The Polaroid instant camera has been reborn. The original creator of the instant camera has come out with a new range last year, which I got to briefly play with at Mobile World Congress. It’s been brought to South Africa by a distributor and will be available through various retailers like Takealot and ORMS. The range includes the Snap and Snap Touch instant cameras, along with the dinky little ZIP printer.
I can’t speak about Polaroid’s cameras without mentioning FujiFilm. I’m a huge fan of FujiFilm’s range of Instax cameras (I’ve reviewed at least three products on this blog, and wrote about it for almost every publication I contributed to, and subsequently bought two of them). I believe that Polaroid may have seen the success of Instax over the years and decided to relaunch a range. So when I got a mail about Polaroid’s cameras coming to South Africa, I had to compare.
Here’s my snapshot (haha) review of the Polaroid Snap Touch that I used for a month.
- The Snap Touch is an instant digital camera that works differently to the Instax that I own. This means when you take a photo, it appears on the LCD screen so you can see it before you print it. It’s all digital.
- It has a 13-megapixel sensor to take photos, which is a noticeable improvement on the picture quality, vs the Instax. You can see more detail on the images.
- The 3.5-inch LCD touchscreen lets you view pictures before you print it out, and make edits. Edits include centralising, adding the classic Polaroid border, changing it to black & white, sepia or other built-in colours like vintage, but I didn’t print any other than colour, which I spruced up. The screen is a bit grainy.
- The screen itself and interface feels dated, like something from the early 2000s. Sometimes it takes more than one tap to register your action, which admittedly could get frustrating. Unless you’re very patient. Then you won’t notice and this won’t be a factor.
- It has some on-board storage, which appears to hold about 11 images I think from what I’ve noticed with my review unit. It can be expanded up to 128GB via microSD card. I put in an old microSD card but apparently it wasn’t in the right format so that didn’t work. I put some images I had taken on my smartphone via my MacBook onto the card before inserting it into the camera thinking I could print it but that failed.
- The prints come out in a little credit card sized images which are 2 x 3 inches; so wallet sized. It uses Polaroid’s zero ink technology (ZINK) to print images. They take a bit longer to come out of the camera than with an Instax. You don’t have to “shake” the photo to help it develop. The print quality is decent. I prefer the Instax in this regard. It also has something to do with what the photo feels like in your hand.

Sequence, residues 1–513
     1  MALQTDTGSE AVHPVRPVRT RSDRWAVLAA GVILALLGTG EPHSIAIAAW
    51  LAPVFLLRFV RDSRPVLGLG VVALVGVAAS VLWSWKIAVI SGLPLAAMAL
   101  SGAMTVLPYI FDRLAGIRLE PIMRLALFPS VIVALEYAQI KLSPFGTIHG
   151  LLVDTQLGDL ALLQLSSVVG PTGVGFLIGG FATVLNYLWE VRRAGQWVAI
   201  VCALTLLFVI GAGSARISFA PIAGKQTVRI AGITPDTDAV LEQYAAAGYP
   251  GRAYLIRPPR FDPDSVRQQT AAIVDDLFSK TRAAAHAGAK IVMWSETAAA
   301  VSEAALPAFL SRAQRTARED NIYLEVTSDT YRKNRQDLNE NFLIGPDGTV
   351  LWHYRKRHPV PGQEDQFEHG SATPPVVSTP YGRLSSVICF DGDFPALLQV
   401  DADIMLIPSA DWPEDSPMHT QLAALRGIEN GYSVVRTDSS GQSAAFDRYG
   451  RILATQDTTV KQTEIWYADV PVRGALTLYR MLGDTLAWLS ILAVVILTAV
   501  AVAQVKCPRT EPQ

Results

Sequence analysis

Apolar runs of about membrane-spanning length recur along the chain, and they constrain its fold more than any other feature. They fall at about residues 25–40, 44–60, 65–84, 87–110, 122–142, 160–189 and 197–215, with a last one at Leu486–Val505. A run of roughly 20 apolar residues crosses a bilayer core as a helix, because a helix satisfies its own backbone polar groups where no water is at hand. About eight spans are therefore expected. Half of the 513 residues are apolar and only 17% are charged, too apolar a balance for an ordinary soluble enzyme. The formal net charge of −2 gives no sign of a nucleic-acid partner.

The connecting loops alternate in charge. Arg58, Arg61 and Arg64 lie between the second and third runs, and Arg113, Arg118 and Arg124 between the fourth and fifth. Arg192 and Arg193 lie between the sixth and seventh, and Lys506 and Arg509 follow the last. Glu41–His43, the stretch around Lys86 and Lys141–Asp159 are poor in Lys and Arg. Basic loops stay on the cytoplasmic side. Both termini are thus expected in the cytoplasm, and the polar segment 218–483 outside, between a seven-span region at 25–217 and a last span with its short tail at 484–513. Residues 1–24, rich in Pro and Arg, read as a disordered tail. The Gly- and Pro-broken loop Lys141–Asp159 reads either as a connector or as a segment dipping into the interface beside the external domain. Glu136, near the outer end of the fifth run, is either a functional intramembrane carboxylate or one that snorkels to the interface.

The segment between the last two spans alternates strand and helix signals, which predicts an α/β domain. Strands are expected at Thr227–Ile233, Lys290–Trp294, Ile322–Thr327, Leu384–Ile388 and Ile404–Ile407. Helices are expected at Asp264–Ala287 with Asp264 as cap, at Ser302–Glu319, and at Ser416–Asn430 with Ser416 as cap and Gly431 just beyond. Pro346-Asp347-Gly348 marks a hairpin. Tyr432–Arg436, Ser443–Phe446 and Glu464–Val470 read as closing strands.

- The printing tray inside the camera holds 10x sheets of ZINK paper. They are just 2 x 3-inch sized rectangles, with no border like the Instax.
- The camera has some Bluetooth capability but I couldn’t find a way to use it with my other devices.
- It has a self-timer if you want to take a group shot with everyone in it. I tested out the regular old-fashioned way (?) of just sticking my arm out and snapping a photo. Weirdly, it took more than one try to for the shutter button to register. Anyway, I was happy with the result, taken outdoors late afternoon but not in direct sunlight.
- You have the option to use flash or not, I always opt not to, unless if it’s dark or at night. But in all honesty, I would rather avoid taking photos on an instant camera if it’s too dark. It’s too expensive and you know the quality isn’t gonna be great.
- The power button is actually the pop-up flash. You press it and it switches on. The mechanism on this is a bit frustrating when you want to shut it down – it took me about four tries to turn it off at one point.
- The camera itself is a bit heavier than I expected. If you’re carrying it around when traveling, you will need some sort of protection other than popping it into your bag. Try to get a cover for it.
- It has full 1080p HD video recording supported, but why? Your smartphone would be a better choice for any occasion.
If you’re thinking of buying the Polaroid Snap Touch, keep in mind it is a digital camera (unlike the Instax that’s currently available in SA) and that you are paying for the name too. While the photos are more crisp and sharp, the print itself doesn’t have the same look and feel as the Instax, which has a softer look to its photos and the borders of the photo paper are just nicer. The ZINK paper is a lot cheaper than the Instax ones, and available in packs of 30. With a Polaroid instant camera, know that you’re paying for the branding.
PRICE: R3 389 on Takealot.com (all colours available)
ZINK PAPER: R349 for a pack of 30
DESIGN - 6
INTERFACE - 5
PICTURE QUALITY - 7
PAPER - 5.5
The Polaroid Snap Touch feels like a camera made for a different year. Yes, it's a digital instant camera but the screen and interface feels dated with large icons from way back when, despite boasting a 13MP sensor with photos that are more crisp than the Instax. You're also paying for the name.